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Guest Blog: Paddling on Glass -My First Impressions of Loch Lomond

In this guest blog, Apprentice Outdoor Leader Thomas Peddie of outdoor adventure operator Wild By Nature describes his first impressions of Loch Lomond, by canoe safari.

Loch Lomond is a beautiful and interesting place to visit and one of the best ways to explore the loch is by canoe. Being an almost completely silent method of travel, it allows you to hear any birds or wildlife which inhabit the Loch, also allowing the paddler to get closer to this wildlife. This offers some great photo opportunities.

In Autumn 2010 I was fortunate enough to be able to undertake my first ever visit to the Islands of Loch Lomond as part of my Outdoor leader apprentice course: here are my first impressions.

A co-worker and I put our large (Canadian) open canoes in at Aldochlay Bay, near to some delightful miners’ cottages - a popular point for lots of Loch paddle trips. I understand that the cottage is actually one of the most photographed cottages in Scotland, due to its typical cottage garden and I imagine, its location. The nearby small island is an ancient Crannog which is an old Pict dwelling with a hidden causeway.

The calm, clear and sunny weather allowed us to gain the shore of Inchtavanach, known as the Monk’s Island. This island was inhabited by St Kessog in the sixth century. Hugging the intimate wooded shoreline we were able to then cross over to Inchconnachan. This magnificent island has an isolated family group of fallow deer and some roe deer; the fallow deer originate from when the Normans hunted on the Islands. I was fortunate enough to see two deer, close to the shore, only possible by the use of a quite hunting or Indian stroke. Inchconnachan also has an old derelict house built by the Colquhouns of Luss.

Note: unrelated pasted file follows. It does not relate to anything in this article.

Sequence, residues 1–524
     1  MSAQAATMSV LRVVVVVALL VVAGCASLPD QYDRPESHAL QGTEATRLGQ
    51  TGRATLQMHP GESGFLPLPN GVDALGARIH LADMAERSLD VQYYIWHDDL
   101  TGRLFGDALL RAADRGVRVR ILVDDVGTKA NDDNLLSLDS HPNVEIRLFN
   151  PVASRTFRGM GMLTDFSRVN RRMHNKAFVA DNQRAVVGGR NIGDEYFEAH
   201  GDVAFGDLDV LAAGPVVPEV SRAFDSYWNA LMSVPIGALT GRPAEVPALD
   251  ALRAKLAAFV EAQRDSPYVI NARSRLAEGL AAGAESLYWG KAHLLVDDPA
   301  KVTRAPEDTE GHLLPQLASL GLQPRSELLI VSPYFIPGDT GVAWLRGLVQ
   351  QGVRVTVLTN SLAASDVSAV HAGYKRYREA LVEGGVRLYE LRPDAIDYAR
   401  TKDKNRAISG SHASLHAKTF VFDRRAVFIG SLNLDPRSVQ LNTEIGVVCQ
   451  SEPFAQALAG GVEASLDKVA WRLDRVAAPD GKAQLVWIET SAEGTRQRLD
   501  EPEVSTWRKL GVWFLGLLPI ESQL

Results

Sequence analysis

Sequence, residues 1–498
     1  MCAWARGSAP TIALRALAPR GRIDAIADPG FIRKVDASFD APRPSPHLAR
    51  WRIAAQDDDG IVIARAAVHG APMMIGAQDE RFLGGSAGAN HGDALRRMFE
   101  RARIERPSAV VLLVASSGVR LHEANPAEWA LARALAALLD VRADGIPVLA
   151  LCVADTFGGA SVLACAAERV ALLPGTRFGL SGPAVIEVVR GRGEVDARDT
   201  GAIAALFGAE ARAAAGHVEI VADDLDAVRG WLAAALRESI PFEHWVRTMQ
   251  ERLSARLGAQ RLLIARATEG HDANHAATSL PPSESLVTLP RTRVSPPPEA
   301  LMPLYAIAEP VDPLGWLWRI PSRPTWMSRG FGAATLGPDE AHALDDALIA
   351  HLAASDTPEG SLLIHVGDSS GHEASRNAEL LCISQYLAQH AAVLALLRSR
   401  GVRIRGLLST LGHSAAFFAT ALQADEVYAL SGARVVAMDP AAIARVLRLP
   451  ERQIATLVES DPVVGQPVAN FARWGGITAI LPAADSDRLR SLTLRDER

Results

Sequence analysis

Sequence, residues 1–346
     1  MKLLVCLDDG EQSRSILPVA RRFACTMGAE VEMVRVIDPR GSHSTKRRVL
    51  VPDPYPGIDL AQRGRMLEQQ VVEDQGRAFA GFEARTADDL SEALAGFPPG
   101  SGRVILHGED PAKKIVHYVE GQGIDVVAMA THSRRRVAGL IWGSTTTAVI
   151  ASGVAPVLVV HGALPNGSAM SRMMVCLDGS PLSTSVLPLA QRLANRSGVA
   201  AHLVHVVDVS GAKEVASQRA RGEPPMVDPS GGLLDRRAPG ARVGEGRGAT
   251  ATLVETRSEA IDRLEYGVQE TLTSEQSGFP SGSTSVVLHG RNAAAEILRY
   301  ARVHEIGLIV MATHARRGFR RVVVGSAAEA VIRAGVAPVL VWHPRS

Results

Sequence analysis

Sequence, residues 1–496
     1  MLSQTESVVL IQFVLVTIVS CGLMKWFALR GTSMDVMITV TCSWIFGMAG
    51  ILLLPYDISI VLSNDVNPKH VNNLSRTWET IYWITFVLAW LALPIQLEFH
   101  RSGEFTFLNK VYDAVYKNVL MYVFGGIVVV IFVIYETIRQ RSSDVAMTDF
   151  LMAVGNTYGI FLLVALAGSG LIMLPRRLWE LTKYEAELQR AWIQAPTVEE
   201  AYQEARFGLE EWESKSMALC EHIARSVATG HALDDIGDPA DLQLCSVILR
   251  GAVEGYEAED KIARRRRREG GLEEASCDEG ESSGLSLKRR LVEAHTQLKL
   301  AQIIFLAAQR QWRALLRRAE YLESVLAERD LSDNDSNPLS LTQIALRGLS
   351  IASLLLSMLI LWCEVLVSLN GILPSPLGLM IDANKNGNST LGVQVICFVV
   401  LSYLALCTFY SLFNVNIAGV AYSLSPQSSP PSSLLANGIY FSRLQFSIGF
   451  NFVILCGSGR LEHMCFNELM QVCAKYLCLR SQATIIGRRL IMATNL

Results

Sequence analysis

Inchlonaig was our next island, which is also known as "Yew tree Island", quite an intimate place with beautiful trees. Exploring the interior, we suddenly heard a large fallow stag calling and I found out why it is called roaring - as it was pretty loud! Inchconnachan has Yew trees, which apparently were introduced by Robert the Bruce to provide his archers with long bows. As we reached the highest point we caught sight of the stag on top of the hill just in front of us. I thought, “What a beautiful island”, which made me realise just how lucky I am to live in Scotland.

As we paddled across a wider deeper part of the loch, moving away from Inchlonaig, we enjoyed great views. A small craft gives uninterrupted views of across the flat calm loch. The light seemed to define the clear crisp autumn colours of trees and vast mountain landscape, and it is a sight that I will never forget. On the way we spotted five cormorants drying their wings, which are thought to be a bad omen to sailors, although this can be countered with some white heather attached to the bow.

So there you have a brief description and a photo, but this honestly doesn’t do the experience justice, and is a poor substitute to actually getting on to the Loch and experiencing it for yourself.

I don’t have the words to explain how beautiful Loch Lomond is on a calm clear autumn day and the experience will live with me for ever.

To find out more about Loch Lomond Canoe safaris and other trips from Wild By Nature, go to



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